### The derivative of the natural logarithm

Over the past few days, I’ve been puzzling over the derivative of the (natural) log. Why is it 1/x? I could not find a reasonable way to obtain the derivative from first principles.

I gave up, and decided to call upon the power of Google. Here’s how it is done:

Define the (natural) logarithm, and inverse the function to express the variables in an exponential relation.

Implicitly differentiate both sides of the exponential function.

Replace the exponential with x, since they are equivalent (from the second equation).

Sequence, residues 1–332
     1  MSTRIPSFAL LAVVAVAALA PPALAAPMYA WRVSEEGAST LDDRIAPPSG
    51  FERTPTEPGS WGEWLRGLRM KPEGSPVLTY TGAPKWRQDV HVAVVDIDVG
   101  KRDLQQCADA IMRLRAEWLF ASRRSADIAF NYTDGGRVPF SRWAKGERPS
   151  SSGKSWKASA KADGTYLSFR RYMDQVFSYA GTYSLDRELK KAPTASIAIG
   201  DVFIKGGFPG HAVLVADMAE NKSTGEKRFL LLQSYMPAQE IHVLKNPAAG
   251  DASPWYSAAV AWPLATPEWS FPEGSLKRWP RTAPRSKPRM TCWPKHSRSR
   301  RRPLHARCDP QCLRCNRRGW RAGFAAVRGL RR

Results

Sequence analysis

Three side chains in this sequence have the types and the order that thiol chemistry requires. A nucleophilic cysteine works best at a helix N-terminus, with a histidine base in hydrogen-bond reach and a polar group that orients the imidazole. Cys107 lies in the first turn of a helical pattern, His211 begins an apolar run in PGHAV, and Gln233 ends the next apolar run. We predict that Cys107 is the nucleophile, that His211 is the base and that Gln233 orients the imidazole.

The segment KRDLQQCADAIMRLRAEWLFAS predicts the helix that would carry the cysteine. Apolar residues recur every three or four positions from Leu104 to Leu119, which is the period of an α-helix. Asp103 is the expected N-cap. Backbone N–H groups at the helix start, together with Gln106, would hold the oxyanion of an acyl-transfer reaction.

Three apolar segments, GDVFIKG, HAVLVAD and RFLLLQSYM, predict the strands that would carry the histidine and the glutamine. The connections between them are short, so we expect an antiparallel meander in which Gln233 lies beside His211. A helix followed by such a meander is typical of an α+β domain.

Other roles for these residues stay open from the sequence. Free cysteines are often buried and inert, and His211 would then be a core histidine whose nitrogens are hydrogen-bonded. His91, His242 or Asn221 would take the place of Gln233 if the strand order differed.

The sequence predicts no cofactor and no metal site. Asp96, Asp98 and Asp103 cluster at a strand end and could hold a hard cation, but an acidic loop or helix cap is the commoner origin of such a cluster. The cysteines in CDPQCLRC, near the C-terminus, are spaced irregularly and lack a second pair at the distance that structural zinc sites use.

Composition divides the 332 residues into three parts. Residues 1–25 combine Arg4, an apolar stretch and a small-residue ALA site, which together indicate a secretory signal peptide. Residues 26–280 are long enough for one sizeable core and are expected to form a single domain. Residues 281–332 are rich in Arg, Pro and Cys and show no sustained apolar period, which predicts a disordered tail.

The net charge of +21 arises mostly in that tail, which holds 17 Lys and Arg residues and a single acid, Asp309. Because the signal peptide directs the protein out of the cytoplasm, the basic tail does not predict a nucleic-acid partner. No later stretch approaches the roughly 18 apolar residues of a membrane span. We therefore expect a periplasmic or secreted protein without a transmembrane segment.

Rearrange to obtain the rate of change of y with respect to x.

It is so absurdly simple I now have a new problem on my hands- why have I not seen this before?

The Derivative of the Natural Logarithm, Math 116, Lake Tahoe Community College Math Department

Mathematics

I gave up, and decided to call upon the power of Google. Here’s how it is done:

Define the (natural) logarithm, and inverse the function to express the variables in an exponential relation.

Implicitly differentiate both sides of the exponential function.

Replace the exponential with x, since they are equivalent (from the second equation).

Rearrange to obtain the rate of change of y with respect to x.

It is so absurdly simple I now have a new problem on my hands- why have I not seen this before?

__In summary:____Source:__The Derivative of the Natural Logarithm, Math 116, Lake Tahoe Community College Math Department

Mathematics

Labels: mathematics

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